The Washington Post piece, published in 2012, shows more than the foresight of its political science authors Tom Mann of the center-left Brookings Institution and Norm Ornstein of the center-right American Enterprise Institute. It shows that the disease had spread within the Republican Party long before Trump metastasized it.
Their conclusions – that the GOP had become “ideologically extreme, uncompromising, unaffected by the conventional understanding of facts, evidence and science, rejecting the legitimacy of their political opposition” – did not find broad acceptance at the time. Many journalists have joined Republican leaders to get them fired.
“Ultra, ultra-liberals,” whose views “have no weight with me,” scoffed Mitch McConnell, Senate GOP leader.
“I thought you were overdoing things,” recalls Republican Charlie Dent, who was then serving his fourth term at the Pennsylvania home.
“People like me thought, ‘Yeah, there are some crazy people, but come on,'” says William Kristol, who was the editor of the conservative Weekly Standard magazine at the time. With John Boehner as the House Speaker and Mitt Romney winning the GOP President nomination, Kristol saw that the Republican mainstream was still in command.
Reality has struck everyone since then. What plagued the party in 2012 has worsened.
Dent, now a CNN political commentator, left after moderates like him were further marginalized. McConnell was rocked by violence in the US Capitol for which he declared the defeated Republican president “practically and morally responsible”.
“I’m not very happy with being right,” says Mann, now retired in California. “A country and a system like ours must have two strong ruling parties. The fact is, we only have one.”
“It’s a bleak picture for the foreseeable future,” Ornstein adds. “We have a serious risk of losing our democracy.”
GOP incumbents keep showing why.
Denying the scientific facts of climate change is no longer enough. The Republicans of the House have made honesty a disqualification for the party leadership.
Mann and Ornstein described the refusal of party leaders to contain lawmakers such as Allen West of Florida, who falsely claimed that Congressional Democrats “78-81” were communists. Retired from Congress and moved, West now heads the Texas GOP.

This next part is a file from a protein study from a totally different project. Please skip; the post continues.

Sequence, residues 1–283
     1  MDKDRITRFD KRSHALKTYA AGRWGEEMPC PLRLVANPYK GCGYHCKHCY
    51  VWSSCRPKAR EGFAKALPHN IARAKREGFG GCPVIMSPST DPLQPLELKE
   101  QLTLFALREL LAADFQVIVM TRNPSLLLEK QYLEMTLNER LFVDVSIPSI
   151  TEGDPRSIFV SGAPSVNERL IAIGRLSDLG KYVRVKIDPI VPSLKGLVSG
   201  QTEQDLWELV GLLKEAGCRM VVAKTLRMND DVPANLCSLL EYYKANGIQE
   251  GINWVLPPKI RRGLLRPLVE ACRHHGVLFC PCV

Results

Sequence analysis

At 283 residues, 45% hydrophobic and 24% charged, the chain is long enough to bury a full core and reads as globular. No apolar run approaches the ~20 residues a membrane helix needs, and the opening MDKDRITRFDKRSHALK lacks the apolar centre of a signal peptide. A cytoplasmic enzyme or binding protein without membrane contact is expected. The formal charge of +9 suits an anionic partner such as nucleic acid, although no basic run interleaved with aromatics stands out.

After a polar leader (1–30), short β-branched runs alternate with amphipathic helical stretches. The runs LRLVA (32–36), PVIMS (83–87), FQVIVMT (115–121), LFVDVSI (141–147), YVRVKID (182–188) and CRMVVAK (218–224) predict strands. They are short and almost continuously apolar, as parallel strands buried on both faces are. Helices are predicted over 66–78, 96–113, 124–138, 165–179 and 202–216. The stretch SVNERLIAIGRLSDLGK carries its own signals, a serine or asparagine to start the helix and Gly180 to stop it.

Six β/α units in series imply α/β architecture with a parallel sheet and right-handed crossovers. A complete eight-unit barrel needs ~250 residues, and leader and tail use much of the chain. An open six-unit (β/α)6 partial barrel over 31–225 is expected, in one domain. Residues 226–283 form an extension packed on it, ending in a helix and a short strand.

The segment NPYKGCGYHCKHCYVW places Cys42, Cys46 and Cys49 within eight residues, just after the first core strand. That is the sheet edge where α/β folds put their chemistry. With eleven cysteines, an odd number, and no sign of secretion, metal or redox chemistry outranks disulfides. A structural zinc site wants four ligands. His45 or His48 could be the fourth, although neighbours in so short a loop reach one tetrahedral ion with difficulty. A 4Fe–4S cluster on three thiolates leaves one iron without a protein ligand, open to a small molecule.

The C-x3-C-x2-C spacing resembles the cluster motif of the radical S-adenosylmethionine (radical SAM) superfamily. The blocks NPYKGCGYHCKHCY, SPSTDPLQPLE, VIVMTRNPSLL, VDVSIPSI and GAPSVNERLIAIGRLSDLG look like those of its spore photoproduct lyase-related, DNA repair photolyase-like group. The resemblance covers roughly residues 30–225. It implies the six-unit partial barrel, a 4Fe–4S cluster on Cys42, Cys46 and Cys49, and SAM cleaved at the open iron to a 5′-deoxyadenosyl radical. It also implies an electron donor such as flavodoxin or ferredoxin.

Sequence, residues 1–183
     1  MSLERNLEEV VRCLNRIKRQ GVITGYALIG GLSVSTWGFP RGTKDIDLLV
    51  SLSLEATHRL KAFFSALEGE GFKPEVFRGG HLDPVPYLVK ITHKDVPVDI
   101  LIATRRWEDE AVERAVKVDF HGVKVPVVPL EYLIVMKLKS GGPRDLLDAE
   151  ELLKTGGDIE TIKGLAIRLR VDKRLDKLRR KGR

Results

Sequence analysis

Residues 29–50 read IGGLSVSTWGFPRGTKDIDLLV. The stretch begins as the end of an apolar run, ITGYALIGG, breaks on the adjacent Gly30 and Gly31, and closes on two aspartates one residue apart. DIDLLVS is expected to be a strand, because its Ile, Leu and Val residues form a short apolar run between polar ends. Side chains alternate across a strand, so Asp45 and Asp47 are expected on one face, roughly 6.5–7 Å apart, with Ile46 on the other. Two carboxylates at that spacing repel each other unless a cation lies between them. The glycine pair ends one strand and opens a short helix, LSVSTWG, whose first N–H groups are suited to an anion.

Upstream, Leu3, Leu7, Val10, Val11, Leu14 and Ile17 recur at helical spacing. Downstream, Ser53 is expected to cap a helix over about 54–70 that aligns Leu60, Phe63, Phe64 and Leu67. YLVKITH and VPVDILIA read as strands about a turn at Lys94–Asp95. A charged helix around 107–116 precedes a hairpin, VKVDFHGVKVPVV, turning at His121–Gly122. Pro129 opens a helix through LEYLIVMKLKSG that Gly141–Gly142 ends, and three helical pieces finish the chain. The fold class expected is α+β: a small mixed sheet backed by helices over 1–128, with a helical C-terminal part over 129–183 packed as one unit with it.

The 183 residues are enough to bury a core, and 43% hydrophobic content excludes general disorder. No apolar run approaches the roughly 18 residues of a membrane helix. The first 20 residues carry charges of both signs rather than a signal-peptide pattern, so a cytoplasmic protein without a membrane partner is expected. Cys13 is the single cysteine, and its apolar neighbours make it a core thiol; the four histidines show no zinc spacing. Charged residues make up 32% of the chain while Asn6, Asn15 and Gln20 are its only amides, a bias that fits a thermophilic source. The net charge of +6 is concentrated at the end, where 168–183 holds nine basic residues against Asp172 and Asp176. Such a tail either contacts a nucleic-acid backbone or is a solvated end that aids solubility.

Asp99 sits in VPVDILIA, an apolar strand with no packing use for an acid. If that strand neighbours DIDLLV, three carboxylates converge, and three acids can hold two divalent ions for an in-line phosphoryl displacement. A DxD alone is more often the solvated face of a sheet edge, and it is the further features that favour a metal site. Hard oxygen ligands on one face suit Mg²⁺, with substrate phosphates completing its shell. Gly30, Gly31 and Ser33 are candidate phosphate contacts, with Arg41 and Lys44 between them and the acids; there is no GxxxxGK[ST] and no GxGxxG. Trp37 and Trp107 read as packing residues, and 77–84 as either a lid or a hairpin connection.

It’s gotten worse
When Mann and Ornstein wrote their piece in 2012, the Republicans of the Tea Party had threatened the American economy with a debt crisis. However, this year’s uprising created a physical threat – to the Capitol Police, the lawmakers of both parties, even to then-Vice President Mike Pence.
What alarms them are the evolving demographic, cultural, and economic realities of 21st century America. The country continues to become less white, less Christian, and less financially rewarding for workers without advanced technical skills or higher education.
The GOP electoral base is increasingly dominated by older, evangelical whites in economically backward cities and rural areas. Conservative media fueled the anger of the nativists over their loss of status and power.
Democrats have received more popular votes in seven of the last eight presidential elections. In key states like Georgia that use Trump’s lies for fuel, Republicans are now looking for new electoral rules to help them win.
“I don’t like where we’re going, but I don’t think it’s inevitable that we’ll get to this awful place,” says Dent. He recently joined more than 100 prominent Republicans in a letter calling on the GOP to “revert to founding ideals”.
“There is always just enough hope for people who want to tell themselves that the Republican Party is salvable,” says Kristol.
McConnell’s condemnation of Trump in January suggested that the most powerful Republican left in Washington may head off on a new path. After the riot was put down, the seven-year-old Kentucky Senator furiously attacked “criminal behavior” that “tried to disrupt our democracy”.
But like his counterpart Kevin McCarthy, McConnell cares most about winning back the majority in next year’s elections.
For obvious reasons, Trump is opposed to the measure passed by the House to create a 9/11-style bipartisan commission to investigate the uprising. Depending on the support of the former president, McCarthy led the vast majority of Republicans in the House no last week.
McConnell also joined.
“I made the decision to oppose the House Democrats’ weird and unbalanced proposal,” he said. That practically ensures that the Republican filibuster will die in the Senate.
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